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hankbeasley 02-14-2013 10:42 PM

Do you two half studs make a full stud?
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I have a contractor doing some remodeling work for me. He removed the top half of a load bearing wall to make a raised bar. Then the plans changed and we needed to put the wall back. Look at how he put the studs back.

You can't see it from the picture but the new purple studs do not go to the ground. The new studs overlap the old cut off studs by about 6 six inches and then they are nailed together. I do not know very much about carpentry but this seems very wrong to me. If it is wrong how wrong is it? And is there any safe way to replace only the half of the stud that was cut off without replacing the full studs? A way that would pass building code?

hyunelan2 02-14-2013 10:47 PM

If the former load bearing wall was cut out, was the load carried in some other way? If so, I don't think these would not need to support anything, and are just there to hold drywall - a partition wall.

hankbeasley 02-14-2013 10:51 PM

There was plans for a support beam but it was never put in. So no, the load is not carried another way. Above these studs is two 2x4's stacked and perpendicular joist.

ddawg16 02-14-2013 11:08 PM

If that bent over nail is any indication of work quality....I'd be concerned.

Wood is cheap....if load bearing, the studs need to go all the way to the floor. That 6" lap will have almost no strength.

hankbeasley 02-14-2013 11:19 PM

There are some wires running through the bottom have of the studs. When I tell him this is not going to work he may try put another cut off stud directly on top of the cut off ones with a some kind of bracket. Its that ok or do I need to make him replace all studs with full length studs?

gogetter 02-15-2013 12:29 AM

What you have described is NOT acceptable. If the plans changes were your decision, you need to pay him to do the job correctly. The building inspector will not sign off on this "repair".

Nailbags 02-15-2013 01:21 AM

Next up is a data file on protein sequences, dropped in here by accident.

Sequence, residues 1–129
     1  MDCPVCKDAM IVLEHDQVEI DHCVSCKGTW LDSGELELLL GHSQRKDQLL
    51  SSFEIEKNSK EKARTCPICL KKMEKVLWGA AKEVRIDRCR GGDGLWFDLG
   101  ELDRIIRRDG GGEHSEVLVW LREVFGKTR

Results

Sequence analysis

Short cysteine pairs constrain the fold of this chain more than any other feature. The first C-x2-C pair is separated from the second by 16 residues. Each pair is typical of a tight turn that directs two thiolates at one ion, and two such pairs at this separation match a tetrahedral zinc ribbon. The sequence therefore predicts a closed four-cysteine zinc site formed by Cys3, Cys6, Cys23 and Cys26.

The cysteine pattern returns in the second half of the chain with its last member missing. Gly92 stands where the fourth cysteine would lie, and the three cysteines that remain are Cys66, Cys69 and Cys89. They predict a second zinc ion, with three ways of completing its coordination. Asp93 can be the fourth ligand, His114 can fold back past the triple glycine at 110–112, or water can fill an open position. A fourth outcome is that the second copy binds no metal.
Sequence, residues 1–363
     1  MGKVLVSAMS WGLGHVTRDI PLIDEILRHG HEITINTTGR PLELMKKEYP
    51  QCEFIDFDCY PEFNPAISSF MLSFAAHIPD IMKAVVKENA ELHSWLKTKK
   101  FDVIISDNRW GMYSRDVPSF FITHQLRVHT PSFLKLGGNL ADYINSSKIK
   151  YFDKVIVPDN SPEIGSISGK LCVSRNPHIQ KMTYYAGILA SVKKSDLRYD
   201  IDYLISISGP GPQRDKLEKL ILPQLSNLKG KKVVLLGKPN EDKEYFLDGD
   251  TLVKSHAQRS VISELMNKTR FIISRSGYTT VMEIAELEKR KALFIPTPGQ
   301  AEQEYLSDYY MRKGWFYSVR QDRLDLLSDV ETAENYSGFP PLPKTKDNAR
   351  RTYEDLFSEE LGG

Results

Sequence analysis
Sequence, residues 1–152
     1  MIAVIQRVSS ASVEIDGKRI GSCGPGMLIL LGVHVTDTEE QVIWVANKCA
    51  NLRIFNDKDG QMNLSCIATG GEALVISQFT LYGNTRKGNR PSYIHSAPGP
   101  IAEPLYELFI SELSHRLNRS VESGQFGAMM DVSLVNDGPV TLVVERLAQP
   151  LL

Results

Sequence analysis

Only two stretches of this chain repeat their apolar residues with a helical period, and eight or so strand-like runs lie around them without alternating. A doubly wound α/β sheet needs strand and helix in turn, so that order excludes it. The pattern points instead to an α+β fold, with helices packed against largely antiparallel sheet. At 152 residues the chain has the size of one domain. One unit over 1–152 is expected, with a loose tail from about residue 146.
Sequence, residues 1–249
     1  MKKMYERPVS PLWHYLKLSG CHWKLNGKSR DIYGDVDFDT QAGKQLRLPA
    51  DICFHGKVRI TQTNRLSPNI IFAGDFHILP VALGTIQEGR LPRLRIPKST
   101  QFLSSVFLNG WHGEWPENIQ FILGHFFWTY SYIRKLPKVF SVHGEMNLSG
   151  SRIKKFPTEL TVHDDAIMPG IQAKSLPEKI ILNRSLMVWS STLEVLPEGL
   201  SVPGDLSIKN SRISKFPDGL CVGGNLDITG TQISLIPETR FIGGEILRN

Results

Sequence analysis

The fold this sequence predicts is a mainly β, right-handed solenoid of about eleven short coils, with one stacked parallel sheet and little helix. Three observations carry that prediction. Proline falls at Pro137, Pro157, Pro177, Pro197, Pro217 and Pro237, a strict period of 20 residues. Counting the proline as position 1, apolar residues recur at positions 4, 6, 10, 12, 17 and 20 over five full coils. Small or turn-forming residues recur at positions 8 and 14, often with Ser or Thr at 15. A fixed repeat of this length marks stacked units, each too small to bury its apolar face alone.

Whoa! I would be very upset that is not going to fly. why was a load bearing wall cut in the first place? who's brilliant idea was that? and how was the load supported? and what he did will not work period! also whats up with mauve studs?

joecaption 02-15-2013 07:02 AM

He should have installed 2 X 4's laying flat at the top and bottom the filled in the rest of the area with what amounts to cripple studs that sit over the old studs. No differant then filling in an old window or door opening.

hankbeasley 02-15-2013 07:32 AM

What you are describing sounds reasonable and safe. Do you think it will pass inspection? I have tried searching through building code. I cannot find any related material.

hankbeasley 02-15-2013 08:22 AM

I called the inspector. He confirmed the only way to do this is with full length studs. Thanks.

joed 02-15-2013 08:24 AM

If that wall is load bearing then that is not acceptable. The load is being carried by whatever fastener he used between the two studs.
At the very least the pink studs should have been set on top of the cut studs and a new piece sistered across the joint. This way the load is transfer straight down. And I am not even sure that is suitable. I am not an engineer.

kwikfishron 02-15-2013 08:30 AM

199 Attachment(s)

Originally Posted by hankbeasley (Post 1117469)
I have a contractor

No you don't! :eek:

I think it's time for you to step back and reevaluate your choice on who's working on your house.

Anyone that would even attempt what you're showing in the pictures has no clue of what there doing.

Scary stuff.

hankbeasley 02-15-2013 08:32 AM

Yeah, that was part of question too. It seems obviously wrong to me.

Gymschu 02-15-2013 09:20 AM

Some of those studs look awfully out of plumb.

md2lgyk 02-15-2013 11:14 AM

What's with the purple studs?? Where are you located??

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